TTE teamed up with Cleveland Fire Brigade and Cleveland & Durham Police to deliver an intensive session in driving and road safety for around 200 young people.
The dangers of drink/drug driving, speeding, driving while distracted and not wearing seatbelts, known as the fatal four, were highlighted by the emergency services and local authority road safety teams at the day-long session at TTE’s training centre in South Bank, Middlesbrough.
The session, which was also supported by Road Safety Officers from Middlesbrough and Stockton Councils, coincided with the World Cup, which is the type of event that leads to an increase in drink and drug driving injuries. During Euro 2016, there was an increase in driving-related injuries on the day of and the day after England matches.
Among the sessions was a staged crash scene where TTE learners were extricated from a wrecked car to demonstrate the challenges both casualties and rescuers face.
TTE learners had the opportunity to take a virtual reality car journey and see first-hand the harrowing consequences of a road crash, which could have been prevented. They also tested their brake reaction times on specialist equipment, which highlights the distances a vehicle will travel before stopping in an emergency.
Traffic officers from Cleveland & Durham Police Specialist Operations Unit delivered a hard-hitting drink drive case study, which showed how lives can be wrecked by driving under the influence of alcohol, drugs or both.
The Camera Enforcement Team also demonstrated the latest laser speed detection equipment as part of the day designed to raise awareness of the consequences of dangerous and careless activity on the roads.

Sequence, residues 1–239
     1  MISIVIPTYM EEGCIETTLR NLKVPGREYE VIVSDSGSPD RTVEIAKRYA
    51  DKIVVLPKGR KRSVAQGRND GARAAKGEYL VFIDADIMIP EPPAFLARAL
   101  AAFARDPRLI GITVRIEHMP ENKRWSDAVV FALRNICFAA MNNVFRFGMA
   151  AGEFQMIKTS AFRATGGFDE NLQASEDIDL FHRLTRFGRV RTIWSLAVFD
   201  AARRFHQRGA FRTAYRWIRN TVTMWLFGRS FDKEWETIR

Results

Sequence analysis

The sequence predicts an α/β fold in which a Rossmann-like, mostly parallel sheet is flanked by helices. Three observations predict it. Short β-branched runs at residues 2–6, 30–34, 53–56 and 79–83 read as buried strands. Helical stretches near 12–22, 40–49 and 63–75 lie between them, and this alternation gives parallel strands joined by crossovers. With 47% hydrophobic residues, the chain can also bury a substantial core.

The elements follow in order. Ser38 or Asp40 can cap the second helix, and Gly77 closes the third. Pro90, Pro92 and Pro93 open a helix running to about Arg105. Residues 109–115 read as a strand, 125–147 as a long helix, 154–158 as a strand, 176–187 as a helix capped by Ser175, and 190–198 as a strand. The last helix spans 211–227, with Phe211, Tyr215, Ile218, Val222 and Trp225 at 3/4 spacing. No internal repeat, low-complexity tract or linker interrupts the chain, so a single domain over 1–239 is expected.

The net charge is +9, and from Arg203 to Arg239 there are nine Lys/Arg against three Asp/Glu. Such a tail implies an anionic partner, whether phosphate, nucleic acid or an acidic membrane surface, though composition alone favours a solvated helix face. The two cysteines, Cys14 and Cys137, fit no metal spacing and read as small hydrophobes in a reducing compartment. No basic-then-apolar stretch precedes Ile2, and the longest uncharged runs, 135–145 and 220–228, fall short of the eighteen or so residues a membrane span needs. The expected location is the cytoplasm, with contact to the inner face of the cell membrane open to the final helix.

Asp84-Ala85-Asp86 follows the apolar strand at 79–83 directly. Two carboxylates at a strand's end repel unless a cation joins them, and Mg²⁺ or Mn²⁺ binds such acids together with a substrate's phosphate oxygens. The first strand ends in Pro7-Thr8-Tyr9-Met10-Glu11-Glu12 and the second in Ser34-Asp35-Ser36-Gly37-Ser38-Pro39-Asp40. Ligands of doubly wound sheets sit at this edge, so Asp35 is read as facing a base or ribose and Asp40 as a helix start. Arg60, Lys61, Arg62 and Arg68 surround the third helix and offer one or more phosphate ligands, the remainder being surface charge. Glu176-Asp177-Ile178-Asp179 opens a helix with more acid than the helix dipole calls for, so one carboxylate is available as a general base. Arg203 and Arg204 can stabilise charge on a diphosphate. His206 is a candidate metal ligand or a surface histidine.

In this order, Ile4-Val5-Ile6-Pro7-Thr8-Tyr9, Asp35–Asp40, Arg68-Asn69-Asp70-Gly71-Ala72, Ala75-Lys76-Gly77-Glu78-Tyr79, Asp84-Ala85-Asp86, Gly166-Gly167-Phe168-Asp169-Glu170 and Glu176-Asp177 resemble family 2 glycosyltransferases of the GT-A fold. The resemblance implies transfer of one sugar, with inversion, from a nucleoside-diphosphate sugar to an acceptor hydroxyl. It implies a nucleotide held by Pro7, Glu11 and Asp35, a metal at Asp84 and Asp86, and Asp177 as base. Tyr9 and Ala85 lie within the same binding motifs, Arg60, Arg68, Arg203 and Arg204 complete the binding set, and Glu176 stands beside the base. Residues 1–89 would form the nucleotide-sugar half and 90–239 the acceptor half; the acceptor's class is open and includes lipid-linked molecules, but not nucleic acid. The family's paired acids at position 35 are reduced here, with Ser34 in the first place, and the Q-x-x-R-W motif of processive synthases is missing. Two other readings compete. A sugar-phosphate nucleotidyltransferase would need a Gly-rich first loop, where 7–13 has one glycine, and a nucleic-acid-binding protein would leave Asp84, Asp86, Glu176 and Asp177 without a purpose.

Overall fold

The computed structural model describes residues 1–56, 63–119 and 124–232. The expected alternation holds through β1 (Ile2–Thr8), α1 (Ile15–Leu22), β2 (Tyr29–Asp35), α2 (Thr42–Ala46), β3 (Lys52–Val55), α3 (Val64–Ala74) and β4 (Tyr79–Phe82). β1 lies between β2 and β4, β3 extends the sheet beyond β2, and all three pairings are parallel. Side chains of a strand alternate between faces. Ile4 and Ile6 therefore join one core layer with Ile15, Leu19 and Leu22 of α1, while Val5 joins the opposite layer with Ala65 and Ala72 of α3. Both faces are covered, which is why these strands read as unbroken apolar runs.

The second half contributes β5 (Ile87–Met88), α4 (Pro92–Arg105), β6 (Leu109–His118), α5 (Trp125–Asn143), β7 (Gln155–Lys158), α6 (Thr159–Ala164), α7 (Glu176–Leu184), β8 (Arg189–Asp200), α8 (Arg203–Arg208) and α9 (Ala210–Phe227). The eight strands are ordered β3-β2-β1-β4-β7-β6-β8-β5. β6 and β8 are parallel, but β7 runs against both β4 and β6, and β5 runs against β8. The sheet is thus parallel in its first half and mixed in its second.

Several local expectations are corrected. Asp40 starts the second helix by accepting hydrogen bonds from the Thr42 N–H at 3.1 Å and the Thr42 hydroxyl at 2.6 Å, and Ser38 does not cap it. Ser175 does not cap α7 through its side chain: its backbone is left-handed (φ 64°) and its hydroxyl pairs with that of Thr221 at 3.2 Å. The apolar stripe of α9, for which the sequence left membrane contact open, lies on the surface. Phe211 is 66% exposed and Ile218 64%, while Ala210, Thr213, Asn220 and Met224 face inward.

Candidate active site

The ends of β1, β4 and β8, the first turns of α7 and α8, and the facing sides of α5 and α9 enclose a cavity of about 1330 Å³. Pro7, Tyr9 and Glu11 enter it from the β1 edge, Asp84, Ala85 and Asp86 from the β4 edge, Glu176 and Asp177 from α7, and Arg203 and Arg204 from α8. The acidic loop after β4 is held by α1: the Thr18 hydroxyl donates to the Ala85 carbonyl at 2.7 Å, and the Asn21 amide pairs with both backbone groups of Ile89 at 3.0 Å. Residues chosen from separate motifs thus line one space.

Ian Ward, TTE’s Group Health, Safety, Security, Environment and Facilities Manager, said:
“Our learners often become first-time drivers or recently began driving when they come to us and these sessions are an important part of the wider education they receive at TTE. The stark realities of the dangers of driving under the influence or acting irresponsibly in a car were clearly laid out by the fire brigade and the police and I know that our learners have taken away some very important lessons from the day.”
Andrew Bright, Cleveland Fire Brigade’s Learn and Live Co-ordinator:
“This event will give apprentices a real hands-on opportunity to learn about the key risks that can face drivers and passengers on our roads, but more importantly give them strategies to avoid the dangers that can so often wreck lives. With the World Cup tournament now underway many people will be planning to enjoy a drink or two while watching the football. We want everyone to enjoy themselves, but at the same time ensure the roads are kept safe by raising awareness of the dangers of drink-driving. The decision to drive when you’re over the limit takes just a split second, but the consequences could last a lifetime.”
Inspector Jonathan Malcolm, from the Cleveland and Durham Specialist Operations Unit, said:
“It is important to get these educational messages across so that we can help save lives on our roads. We work all year round to get the message across that drinking and driving don’t mix, but the summer months always present additional challenges. In fact, our research shows that June is the worst month in the calendar for incidents, which result in serious and fatal injuries. Obviously this session has been very timely due to the beginning of the World Cup, which we hope will not encourage anyone to get behind the wheel whilst intoxicated.”